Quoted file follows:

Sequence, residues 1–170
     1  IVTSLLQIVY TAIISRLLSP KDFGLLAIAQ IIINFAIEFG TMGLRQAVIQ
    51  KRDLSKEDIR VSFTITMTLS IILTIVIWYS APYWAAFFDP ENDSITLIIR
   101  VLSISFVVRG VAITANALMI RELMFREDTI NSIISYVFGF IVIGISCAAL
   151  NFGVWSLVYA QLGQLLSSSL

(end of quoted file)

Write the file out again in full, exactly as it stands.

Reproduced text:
Sequence, residues 1–170
     1  IVTSLLQIVY TAIISRLLSP KDFGLLAIAQ IIINFAIEFG TMGLRQAVIQ
    51  KRDLSKEDIR VSFTITMTLS IILTIVIWYS APYWAAFFDP ENDSITLIIR
   101  VLSISFVVRG VAITANALMI RELMFREDTI NSIISYVFGF IVIGISCAAL
   151  NFGVWSLVYA QLGQLLSSSL